And the story of how a New Yorker found out his roommate was wanted for one of the biggest jewel heists in San Francisco history. He joins us.
And our continuing series, “Manhunt: Sex Offenders on the Loose”, our effort to help find missing sex offenders before they strike. Our search today is in Michigan.
Authorities are looking for Jamaal Hinton. He‘s 27, five-nine, 143, was convicted of criminal sexual conduct and a parole violation warrant has been issued for him. If you‘ve got any information on his whereabouts, that‘s the number. They‘re looking for him, 866-501-SORT.
Be right back.
ABRAMS: Coming up, a Defense Department contractor pleads guilty to stealing more than two million taxpayer dollars that was supposed to be used to rebuild Iraq. He bought a Porsche, fancy watches and a whole lot more. How does this happen? First the headlines.
ABRAMS: He was accused of taking millions of taxpayer dollars that were supposed to help rebuild Iraq. Today Robert Stein is facing up to 30 years in prison on a quarter million dollar fine. Stein pled guilty to bribery and conspiracy for stealing more than two million bucks, taking bribes worth more than a million more. But here‘s what I don‘t get.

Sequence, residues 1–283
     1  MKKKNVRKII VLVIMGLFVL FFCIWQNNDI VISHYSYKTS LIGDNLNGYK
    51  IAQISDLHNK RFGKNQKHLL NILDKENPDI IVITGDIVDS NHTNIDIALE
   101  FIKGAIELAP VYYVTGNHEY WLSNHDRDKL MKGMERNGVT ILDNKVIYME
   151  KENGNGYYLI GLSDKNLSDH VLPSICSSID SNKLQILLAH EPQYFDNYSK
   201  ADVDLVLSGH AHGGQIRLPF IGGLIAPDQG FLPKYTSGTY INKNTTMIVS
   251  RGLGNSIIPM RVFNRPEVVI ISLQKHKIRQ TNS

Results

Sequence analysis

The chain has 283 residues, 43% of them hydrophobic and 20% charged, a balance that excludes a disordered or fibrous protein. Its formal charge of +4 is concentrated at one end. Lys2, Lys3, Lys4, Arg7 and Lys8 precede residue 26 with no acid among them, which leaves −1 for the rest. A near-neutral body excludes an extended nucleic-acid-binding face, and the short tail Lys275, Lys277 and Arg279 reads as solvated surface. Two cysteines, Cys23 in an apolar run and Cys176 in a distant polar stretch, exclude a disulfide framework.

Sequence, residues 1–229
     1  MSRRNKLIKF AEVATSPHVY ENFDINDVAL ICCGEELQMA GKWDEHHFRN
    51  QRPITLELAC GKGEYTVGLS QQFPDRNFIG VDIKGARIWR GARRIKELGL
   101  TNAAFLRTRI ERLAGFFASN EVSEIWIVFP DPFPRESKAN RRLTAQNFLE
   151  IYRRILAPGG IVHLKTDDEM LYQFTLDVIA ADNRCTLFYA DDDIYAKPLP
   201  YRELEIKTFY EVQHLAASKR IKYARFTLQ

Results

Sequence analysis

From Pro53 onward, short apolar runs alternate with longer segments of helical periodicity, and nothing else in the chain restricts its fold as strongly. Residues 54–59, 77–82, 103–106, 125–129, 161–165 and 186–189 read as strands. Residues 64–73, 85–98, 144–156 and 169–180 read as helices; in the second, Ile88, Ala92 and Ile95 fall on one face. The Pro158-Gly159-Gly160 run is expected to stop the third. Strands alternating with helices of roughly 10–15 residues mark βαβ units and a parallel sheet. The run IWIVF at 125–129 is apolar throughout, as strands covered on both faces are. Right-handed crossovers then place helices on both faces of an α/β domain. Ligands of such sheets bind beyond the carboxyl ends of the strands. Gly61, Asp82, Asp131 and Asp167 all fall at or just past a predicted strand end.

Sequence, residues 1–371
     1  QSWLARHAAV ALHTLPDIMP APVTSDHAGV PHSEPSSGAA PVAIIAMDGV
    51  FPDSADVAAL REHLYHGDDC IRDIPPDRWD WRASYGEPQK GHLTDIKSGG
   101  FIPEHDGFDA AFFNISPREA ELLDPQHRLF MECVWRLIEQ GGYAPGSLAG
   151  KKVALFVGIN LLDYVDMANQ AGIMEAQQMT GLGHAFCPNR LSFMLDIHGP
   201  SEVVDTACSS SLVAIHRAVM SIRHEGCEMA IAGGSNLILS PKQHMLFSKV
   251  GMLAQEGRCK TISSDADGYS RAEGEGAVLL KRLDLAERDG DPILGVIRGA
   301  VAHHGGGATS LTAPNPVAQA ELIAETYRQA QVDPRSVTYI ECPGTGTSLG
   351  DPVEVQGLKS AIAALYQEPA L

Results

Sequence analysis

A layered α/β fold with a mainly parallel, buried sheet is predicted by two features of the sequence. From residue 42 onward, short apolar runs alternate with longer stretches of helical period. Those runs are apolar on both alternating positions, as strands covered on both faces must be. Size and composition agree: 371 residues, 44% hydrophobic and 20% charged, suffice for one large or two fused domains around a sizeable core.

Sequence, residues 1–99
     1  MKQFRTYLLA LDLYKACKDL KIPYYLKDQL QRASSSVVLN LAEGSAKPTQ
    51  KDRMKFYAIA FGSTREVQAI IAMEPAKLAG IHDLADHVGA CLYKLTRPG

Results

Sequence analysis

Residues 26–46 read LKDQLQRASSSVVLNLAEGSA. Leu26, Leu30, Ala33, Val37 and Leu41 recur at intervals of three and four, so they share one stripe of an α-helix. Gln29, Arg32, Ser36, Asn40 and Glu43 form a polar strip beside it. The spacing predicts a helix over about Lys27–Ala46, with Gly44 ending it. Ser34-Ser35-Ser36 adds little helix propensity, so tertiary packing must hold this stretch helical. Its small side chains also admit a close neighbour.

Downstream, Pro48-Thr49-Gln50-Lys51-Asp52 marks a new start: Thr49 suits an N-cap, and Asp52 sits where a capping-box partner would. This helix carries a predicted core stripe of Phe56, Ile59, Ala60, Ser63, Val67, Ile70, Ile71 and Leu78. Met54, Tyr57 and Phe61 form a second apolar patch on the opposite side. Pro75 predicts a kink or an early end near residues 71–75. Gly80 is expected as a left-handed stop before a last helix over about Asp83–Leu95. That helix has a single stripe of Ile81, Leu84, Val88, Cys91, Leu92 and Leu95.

Stein had been convicted of credit card fraud in 1996. Still, he was hired by defense contractor S&K Technologies and made responsible for $82 million in reconstruction funds. According to his plea, Stein had conspired with five Reserve U.S. Army officers to funnel rebuilding projects to a U.S. businessman who allegedly kicked back bribes, tens of thousands in cash, cars, watches, even sexual favors from women in a Baghdad villa. This isn‘t the only scandal like this out there.